We want to share some of the insights from that interview here on the blog. First, read about how Holly recommends entrepreneurs can plan for the exit from the very beginning.
Jim Beach: How, at month one, can we think about the exit? What are some of the concerns both from a tax strategy and planning wise that we should be thinking about? What, at day zero, should we be including in our thoughts for 10 years into the future?
Well, it actually should occur before month one even begins. And what I mean by that is if you are able to properly plan for the structure of your business – how the business is formed, whether it’s an LLC, a partnership, or a corporation, and the various ways that tax elections can be made – if you’re able to do that before you actually start your business, the selling of your business becomes much easier.
It’s one of those old sayings, “Start with the end in mind.” If you do intend to sell your business at some point, that should be an important factor regarding how you choose to form your business entity. So as an example, if you started a catering business and you have a family that loves to cook, you’ve been doing this for years and years as a hobby, and it’s something that you bring your family together around the table and do, you may not have any intention of selling your business. You may intend instead to pass it onto your children and your grandchildren. That may be a different decision that’s made or needs to be made as opposed to someone who’s building an IT company like you did, Jim. If you build an IT company, chances are pretty good you’re not likely going to pass it onto your children and grandchildren, so you may want to consider some of the other alternatives, whether it’s an LLC, or a C corp, or an S corp.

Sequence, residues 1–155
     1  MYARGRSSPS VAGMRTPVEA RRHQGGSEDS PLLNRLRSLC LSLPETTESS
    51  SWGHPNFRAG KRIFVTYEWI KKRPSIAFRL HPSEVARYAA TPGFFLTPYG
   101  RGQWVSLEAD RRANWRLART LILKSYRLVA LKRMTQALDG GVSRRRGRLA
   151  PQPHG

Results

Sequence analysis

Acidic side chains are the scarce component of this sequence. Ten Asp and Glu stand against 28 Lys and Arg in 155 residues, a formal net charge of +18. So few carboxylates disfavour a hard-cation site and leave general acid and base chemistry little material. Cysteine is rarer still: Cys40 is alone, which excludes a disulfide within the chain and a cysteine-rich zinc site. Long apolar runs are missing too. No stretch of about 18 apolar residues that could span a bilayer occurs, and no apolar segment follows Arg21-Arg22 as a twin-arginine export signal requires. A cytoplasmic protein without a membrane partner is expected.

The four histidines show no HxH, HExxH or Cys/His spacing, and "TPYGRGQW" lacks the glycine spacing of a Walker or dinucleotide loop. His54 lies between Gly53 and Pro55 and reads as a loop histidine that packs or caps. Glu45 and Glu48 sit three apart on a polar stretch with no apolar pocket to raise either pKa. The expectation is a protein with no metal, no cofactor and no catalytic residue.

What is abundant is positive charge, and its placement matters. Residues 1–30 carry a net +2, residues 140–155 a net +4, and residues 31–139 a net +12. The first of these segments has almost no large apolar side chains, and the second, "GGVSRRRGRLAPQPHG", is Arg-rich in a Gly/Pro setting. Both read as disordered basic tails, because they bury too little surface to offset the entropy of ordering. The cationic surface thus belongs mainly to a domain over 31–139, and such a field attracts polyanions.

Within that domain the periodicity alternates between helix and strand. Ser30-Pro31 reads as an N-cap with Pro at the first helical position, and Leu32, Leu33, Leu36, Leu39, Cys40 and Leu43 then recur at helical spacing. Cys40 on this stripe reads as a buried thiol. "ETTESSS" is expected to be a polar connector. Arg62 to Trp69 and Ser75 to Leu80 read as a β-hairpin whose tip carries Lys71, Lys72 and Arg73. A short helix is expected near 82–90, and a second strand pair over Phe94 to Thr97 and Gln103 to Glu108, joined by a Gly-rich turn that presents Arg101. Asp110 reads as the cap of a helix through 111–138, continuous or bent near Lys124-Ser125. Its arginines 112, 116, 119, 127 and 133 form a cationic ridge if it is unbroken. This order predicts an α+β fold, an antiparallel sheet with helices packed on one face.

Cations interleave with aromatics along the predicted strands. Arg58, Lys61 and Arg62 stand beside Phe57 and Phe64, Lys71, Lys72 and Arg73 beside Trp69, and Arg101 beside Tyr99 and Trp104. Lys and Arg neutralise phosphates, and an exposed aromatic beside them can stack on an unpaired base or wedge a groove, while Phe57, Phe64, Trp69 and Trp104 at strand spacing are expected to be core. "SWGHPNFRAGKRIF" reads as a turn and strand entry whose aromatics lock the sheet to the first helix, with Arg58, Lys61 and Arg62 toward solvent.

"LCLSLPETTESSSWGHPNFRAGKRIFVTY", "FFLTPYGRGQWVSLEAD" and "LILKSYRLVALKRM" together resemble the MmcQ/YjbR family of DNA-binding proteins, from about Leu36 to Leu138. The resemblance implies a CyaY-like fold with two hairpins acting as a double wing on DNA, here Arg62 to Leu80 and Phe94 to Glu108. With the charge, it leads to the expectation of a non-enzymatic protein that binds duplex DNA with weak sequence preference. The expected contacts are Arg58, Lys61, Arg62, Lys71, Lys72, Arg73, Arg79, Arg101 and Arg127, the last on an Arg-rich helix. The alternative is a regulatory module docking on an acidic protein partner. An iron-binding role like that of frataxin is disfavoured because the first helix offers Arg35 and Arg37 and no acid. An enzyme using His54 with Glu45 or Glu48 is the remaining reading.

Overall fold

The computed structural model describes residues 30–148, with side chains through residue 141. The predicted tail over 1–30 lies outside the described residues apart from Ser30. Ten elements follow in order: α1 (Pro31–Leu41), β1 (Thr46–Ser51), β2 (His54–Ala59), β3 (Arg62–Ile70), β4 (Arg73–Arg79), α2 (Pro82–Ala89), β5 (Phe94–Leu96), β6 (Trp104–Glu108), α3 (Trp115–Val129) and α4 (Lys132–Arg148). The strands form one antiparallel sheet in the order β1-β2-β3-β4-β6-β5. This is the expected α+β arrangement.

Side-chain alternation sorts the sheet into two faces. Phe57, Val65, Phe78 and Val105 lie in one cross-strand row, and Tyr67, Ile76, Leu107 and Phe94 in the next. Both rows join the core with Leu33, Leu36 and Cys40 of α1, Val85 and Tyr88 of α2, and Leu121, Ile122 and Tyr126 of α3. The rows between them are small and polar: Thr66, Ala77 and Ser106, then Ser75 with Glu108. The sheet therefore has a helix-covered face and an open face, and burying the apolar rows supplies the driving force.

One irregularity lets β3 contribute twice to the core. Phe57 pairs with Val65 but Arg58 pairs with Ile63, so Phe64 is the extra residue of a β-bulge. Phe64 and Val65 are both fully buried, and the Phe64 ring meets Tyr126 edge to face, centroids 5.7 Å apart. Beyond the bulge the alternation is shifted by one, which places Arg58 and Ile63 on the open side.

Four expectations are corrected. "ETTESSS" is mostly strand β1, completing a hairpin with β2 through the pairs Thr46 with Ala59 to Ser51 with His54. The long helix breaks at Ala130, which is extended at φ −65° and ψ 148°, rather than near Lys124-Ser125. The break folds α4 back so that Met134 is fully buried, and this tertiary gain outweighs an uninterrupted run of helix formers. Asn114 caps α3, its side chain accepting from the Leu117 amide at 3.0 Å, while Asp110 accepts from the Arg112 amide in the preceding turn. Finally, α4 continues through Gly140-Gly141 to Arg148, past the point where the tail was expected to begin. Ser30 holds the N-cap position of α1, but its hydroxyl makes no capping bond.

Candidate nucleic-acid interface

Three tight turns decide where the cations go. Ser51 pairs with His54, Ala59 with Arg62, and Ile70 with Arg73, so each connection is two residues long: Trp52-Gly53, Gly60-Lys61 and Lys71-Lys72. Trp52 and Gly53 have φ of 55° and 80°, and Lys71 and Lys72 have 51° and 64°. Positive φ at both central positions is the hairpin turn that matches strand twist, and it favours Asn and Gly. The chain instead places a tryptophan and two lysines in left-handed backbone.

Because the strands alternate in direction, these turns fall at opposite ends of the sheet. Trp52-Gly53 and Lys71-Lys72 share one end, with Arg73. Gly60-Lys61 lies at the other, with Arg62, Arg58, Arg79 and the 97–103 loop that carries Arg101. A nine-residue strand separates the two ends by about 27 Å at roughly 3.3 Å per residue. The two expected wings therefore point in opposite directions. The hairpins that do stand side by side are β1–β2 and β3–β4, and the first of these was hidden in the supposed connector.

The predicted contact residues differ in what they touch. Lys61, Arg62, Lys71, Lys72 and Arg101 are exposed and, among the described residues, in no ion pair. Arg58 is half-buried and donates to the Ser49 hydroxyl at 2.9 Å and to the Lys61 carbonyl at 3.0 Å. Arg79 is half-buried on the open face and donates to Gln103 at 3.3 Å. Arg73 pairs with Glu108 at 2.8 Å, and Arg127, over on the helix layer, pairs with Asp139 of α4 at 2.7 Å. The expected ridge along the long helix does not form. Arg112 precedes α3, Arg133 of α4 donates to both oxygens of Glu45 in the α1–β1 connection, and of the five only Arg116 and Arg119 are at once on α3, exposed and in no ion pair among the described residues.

Again, those decisions depend on who you intend to sell the business to. So those are things that really should be given some consideration. Frankly, what I find happens is most business owners, they just say “I’m going to start a business entity.” They think, “Well my friend, he’s got an LLC, so that’s what I’m going to do, too.” And they do a little bit of Googling, and they figure out what an LLC is, and they may even find that they can form that on their own on a website online. They don’t even have to call an attorney. So they had no advice about what forming an LLC means, and they have absolutely no clue what the tax consequences will be or the fact that they can actually make certain tax elections if they form an LLC.
They don’t have any idea what that means when they go to sell their business, not to mention all the steps along the way – compliance with the tax laws, compensation, how that’s handled – it all differs according to the business entity. So to answer your question, the decisions that will impact the sale of their business really should occur before they even start their business.
Listen to the full interview on exit planning and more here.
Holly also founded ExitPromise.com and to date has answered more than 2,000 questions asked by business owners about starting, growing and selling a business.
Latest posts by Holly Magister, CPA, CFP
- How to Pay Yourself as a Business Owner - November 6, 2019
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- Understanding the Business Buyer Types When Selling Your Business - April 12, 2019